High blood pressure in your 30s could lead to dementia in your 60s

SACRAMENTO, Calif. — Your future self will thank you if you start taking steps to lower your blood pressure today. New research suggests that having high blood pressure in your 30s increases your risk of having poor brain health by age 70. Simply put, keeping your blood pressure within a normal range can help ward off brain conditions like Alzheimer’s disease, the most common form of dementia.

The findings come from examining brain scans of older people who had a history of high blood pressure at age 30 to 40 with older people who had normal blood pressure at that age. The high blood pressure group showed lower brain volumes and white matter defects. Both of these brain changes are linked to the onset of dementia.

Men were also more likely to experience harmful brain changes than women. Men with high blood pressure in their 30s showed more decreases in gray matter volume and frontal cortex volume. The authors explain that the high levels of estrogen that women have before menopause may protect the brain from the effects of high blood pressure.

“Treatment for dementia is extremely limited, so identifying modifiable risk and protective factors across the lifespan is critical to reducing disease burden,” says first author Kristen M. George, assistant professor at the Department of Public Health Sciences at UC Davis, in a graduate field trip. “High blood pressure is an incredibly common and treatable risk factor associated with dementia. This study indicates that high blood pressure status in early adulthood matters for brain health decades later.

Nurse measuring blood pressure of older African American man
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The researchers looked at data from 427 people participating in two other studies looking at healthy aging. The health information of these patients looked at a period from 1964 to 1985. These people had their blood pressure taken between the ages of 30 and 40 to see if they had high blood pressure, if they were at risk for high blood pressure blood pressure or if they had normal blood pressure. pressure. The same group also received MRI scans between 2017 and 2022 to look for any signs of neurodegeneration or other brain abnormalities.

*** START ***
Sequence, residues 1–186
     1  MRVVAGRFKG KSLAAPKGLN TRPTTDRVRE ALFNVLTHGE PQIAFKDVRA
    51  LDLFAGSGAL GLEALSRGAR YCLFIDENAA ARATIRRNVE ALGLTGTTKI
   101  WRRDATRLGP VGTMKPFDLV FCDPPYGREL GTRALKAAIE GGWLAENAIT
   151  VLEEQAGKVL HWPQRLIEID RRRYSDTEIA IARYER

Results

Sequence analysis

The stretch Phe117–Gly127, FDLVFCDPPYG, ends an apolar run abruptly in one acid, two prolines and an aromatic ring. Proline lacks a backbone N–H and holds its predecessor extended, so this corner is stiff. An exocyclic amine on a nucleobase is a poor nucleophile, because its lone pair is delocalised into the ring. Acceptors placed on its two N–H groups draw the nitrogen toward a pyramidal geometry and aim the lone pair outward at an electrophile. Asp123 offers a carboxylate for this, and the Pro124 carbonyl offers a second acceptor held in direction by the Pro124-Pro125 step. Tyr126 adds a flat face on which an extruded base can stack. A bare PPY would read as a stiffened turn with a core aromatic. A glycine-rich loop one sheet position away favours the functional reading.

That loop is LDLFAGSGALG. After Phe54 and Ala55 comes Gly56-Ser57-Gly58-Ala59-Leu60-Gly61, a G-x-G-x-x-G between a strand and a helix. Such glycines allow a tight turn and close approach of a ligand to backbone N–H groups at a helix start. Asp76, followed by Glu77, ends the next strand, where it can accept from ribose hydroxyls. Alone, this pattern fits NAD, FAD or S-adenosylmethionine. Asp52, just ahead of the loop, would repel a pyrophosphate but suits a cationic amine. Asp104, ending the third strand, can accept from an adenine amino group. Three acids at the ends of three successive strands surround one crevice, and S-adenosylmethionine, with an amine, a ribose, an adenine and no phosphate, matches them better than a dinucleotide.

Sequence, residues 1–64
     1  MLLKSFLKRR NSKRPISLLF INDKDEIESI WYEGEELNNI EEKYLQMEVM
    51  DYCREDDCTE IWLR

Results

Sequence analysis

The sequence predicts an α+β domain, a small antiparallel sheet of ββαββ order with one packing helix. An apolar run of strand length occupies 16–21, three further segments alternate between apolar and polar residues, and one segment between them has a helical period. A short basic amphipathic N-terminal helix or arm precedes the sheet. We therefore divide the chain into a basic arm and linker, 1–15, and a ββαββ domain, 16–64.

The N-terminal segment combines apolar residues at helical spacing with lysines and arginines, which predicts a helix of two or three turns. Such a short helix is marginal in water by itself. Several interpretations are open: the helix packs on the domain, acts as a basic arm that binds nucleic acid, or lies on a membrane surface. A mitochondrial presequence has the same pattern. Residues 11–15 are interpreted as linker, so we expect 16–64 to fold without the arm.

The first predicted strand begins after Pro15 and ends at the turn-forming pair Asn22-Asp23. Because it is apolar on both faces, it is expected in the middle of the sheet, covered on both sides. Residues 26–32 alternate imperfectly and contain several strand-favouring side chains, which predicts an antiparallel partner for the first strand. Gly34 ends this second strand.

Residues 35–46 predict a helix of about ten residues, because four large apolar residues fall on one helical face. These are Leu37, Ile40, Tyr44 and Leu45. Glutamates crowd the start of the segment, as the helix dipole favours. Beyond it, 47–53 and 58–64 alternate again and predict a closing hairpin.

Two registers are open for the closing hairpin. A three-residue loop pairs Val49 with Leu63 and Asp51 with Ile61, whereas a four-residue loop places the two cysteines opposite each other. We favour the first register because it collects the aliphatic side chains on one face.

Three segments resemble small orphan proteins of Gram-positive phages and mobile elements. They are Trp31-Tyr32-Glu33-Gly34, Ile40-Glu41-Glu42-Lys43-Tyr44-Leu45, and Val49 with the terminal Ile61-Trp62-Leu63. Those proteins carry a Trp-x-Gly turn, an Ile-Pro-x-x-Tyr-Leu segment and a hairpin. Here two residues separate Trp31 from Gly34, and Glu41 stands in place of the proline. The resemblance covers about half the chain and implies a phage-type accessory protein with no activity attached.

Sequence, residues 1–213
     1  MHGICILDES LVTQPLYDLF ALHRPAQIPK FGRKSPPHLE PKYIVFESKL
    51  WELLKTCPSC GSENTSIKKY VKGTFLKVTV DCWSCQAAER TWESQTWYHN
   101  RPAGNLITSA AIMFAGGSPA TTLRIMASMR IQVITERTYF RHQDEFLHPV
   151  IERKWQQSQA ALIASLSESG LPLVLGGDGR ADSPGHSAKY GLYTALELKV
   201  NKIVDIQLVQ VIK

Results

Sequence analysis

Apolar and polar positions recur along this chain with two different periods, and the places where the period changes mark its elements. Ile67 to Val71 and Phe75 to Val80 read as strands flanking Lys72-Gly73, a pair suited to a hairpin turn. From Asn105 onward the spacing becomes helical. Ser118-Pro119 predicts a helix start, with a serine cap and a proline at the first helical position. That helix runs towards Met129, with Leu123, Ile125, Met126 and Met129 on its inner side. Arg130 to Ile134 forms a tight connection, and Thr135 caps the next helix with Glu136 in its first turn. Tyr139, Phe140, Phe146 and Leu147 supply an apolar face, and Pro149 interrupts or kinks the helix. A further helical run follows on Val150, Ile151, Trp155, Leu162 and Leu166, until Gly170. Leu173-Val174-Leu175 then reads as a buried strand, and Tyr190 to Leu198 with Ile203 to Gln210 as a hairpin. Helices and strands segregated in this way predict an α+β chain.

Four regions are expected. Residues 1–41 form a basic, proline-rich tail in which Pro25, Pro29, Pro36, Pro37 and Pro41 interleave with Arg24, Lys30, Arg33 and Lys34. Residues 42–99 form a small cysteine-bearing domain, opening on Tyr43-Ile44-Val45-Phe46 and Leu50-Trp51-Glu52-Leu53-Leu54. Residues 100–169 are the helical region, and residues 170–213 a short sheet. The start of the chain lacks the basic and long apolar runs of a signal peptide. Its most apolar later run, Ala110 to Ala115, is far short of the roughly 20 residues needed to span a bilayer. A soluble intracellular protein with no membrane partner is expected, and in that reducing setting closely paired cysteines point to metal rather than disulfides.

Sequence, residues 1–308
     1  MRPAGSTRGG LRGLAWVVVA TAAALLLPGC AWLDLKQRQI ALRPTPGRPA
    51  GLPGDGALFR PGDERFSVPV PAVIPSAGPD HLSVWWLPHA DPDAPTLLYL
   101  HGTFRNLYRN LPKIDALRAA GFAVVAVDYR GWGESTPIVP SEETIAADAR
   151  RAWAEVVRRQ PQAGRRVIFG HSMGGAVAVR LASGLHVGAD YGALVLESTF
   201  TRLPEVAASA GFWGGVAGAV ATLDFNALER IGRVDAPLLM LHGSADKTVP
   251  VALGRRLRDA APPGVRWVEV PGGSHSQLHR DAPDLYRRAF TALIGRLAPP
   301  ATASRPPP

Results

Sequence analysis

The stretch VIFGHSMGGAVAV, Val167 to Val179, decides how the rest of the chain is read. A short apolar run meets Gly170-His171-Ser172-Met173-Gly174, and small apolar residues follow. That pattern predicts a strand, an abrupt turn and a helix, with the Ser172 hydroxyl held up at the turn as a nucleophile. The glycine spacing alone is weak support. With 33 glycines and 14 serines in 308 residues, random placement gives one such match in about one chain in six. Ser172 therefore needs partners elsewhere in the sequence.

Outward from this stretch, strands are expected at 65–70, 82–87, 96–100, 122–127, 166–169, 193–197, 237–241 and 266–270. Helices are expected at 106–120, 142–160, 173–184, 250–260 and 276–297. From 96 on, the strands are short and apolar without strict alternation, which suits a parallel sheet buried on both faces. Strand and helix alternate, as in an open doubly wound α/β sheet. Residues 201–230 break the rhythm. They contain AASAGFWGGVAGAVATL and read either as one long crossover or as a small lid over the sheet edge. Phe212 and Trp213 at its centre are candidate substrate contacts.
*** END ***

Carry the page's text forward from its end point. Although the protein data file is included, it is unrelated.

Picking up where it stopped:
Both men and women with high blood pressure showed a significant decrease in gray matter, although the changes were more common in men. People at risk for high blood pressure also had decreased brain gray matter, frontal cortex volume, and fractional anisotropy (a measure of brain connectivity).

“This study really demonstrates the importance of risk factors early in life, and that to age well, you need to take care of yourself throughout life – heart health is brain health,” says Rachel Whitmer, lead author of the study and a professor at UC. Davis.

There are some limitations to the study. The small sample size prevented the authors from considering racial and ethnic differences when examining the results. MRI scans were also done once, which provides no evidence of when neurodegeneration began to occur.

About 47% of American adults have high blood pressure, which refers to anything above 130/80 mmHg. Several factors influence the likelihood of developing high blood pressure. About half of men suffer from high blood pressure, compared to 44% of women. By ethnicity, high blood pressure is highest among black adults and lowest among Hispanic adults. Additionally, African Americans between the ages of 35 and 64 are 50% more likely to suffer from high blood pressure than whites in the same age bracket.

The study is published in Open JAMA Network.

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